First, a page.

Cooking the Books

In: Business and Management

Submitted By wayne10913
Words 509
Pages 3
WorldCo­m took the telecom industry by storm when it began a frenzy of acquisitions in the 1990s. The low margins that the industry was accustomed to weren't enough for Bernie Ebbers, CEO of WorldCom. From 1995 until 2000, WorldCom purchased over sixty other telecom firms. In 1997 it bought MCI for $37 billion. WorldCom moved into Internet and data communications, handling 50 percent of all United States Internet traffic and 50 percent of all e-mails worldwide. By 2001, WorldCom owned one-third of all data cables in the United States. In addition, they were the second-largest long distance carrier in 1998 and 2002.
How the Fraud Happened

So what happened? In 1999, revenue growth slowed and the stock price began falling. WorldCom's expenses as a percentage of its total revenue increased because the growth rate of its earnings dropped. This also meant WorldCom's earnings might not meet Wall Street analysts' expectations. In an effort to increase revenue, WorldCom reduced the amount of money it held in reserve (to cover liabilities for the companies it had acquired) by $2.8 billion and moved this money into the revenue line of its financial statements.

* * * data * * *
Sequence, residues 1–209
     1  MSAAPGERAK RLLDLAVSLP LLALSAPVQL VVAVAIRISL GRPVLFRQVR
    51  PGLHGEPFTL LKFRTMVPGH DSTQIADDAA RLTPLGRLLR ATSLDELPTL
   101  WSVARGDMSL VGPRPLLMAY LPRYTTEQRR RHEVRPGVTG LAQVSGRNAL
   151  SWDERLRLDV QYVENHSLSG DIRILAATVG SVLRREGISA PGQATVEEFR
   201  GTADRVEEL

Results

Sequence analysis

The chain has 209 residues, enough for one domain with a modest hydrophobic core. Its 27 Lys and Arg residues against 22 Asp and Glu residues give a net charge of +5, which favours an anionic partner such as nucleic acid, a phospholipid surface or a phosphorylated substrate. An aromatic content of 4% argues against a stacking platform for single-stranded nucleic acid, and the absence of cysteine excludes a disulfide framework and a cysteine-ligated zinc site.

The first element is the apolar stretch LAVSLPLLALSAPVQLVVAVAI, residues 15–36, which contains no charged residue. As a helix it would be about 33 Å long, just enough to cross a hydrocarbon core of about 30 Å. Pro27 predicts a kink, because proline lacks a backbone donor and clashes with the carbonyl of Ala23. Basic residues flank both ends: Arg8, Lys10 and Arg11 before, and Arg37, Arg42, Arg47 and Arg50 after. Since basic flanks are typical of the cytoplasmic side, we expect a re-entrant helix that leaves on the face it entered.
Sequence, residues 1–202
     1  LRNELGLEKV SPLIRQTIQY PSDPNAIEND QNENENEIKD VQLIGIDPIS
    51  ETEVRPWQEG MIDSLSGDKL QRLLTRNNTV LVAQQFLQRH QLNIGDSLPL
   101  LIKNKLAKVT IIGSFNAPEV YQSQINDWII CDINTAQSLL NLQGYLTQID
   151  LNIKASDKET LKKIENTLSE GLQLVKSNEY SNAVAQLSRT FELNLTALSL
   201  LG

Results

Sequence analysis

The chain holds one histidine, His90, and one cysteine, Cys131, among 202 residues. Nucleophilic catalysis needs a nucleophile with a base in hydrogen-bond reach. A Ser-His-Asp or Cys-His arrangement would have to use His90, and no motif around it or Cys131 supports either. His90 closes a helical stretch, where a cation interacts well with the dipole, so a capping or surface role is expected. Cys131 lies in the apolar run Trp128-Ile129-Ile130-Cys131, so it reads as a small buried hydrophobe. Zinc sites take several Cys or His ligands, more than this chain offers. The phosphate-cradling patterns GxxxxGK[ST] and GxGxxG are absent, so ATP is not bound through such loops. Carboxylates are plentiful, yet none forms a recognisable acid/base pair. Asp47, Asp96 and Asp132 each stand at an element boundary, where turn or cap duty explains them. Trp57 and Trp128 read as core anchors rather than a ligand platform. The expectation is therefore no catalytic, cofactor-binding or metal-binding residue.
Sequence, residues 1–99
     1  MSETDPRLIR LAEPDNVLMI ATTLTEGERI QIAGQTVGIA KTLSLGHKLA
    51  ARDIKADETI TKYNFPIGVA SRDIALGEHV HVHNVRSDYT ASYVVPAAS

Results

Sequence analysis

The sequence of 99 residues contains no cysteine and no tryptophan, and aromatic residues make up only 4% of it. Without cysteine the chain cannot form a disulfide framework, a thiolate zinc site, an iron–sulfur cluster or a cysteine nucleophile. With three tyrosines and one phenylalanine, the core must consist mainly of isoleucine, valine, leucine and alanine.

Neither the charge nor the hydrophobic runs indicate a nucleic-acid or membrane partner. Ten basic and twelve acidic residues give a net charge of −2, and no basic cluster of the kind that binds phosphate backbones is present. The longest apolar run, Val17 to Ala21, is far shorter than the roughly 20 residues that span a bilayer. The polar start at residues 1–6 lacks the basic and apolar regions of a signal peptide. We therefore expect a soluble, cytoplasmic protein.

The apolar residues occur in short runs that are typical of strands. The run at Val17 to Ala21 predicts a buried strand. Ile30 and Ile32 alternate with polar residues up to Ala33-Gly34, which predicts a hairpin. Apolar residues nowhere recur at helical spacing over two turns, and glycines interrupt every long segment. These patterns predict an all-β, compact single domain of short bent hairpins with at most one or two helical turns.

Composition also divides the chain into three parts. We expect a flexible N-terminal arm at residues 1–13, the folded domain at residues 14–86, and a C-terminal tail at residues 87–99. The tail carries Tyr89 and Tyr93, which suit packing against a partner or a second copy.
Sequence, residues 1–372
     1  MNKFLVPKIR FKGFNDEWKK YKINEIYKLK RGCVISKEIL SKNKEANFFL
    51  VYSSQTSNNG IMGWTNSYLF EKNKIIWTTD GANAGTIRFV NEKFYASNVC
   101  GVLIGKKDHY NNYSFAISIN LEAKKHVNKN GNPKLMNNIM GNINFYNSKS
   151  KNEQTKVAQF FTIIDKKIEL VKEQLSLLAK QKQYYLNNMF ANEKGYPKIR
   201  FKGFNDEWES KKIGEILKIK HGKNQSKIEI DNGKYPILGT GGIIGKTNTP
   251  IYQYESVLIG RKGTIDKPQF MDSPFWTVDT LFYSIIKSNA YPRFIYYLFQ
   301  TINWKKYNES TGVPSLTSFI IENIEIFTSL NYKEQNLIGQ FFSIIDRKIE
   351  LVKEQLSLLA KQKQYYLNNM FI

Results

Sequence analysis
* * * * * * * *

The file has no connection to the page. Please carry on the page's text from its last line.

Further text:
That wasn't enough to boost the earnings that Ebbers wanted. In 2000, WorldCom began classifying operating expenses as long-term capital investments. Hiding these expenses in this way gave them another $3.85 billion. These newly classified assets were expenses that WorldCom paid to lease phone network lines from other companies to access their networks. They also added a journal entry for $500 million in computer expenses, but supporting documents for the expenses were never found.

These changes turned WorldCom's losses into profits to the tune of $1.38 billion in 2001. It also made WorldCom's assets appear more valuable.
How it Was Discovered

After tips were sent to the internal audit team and accounting…...

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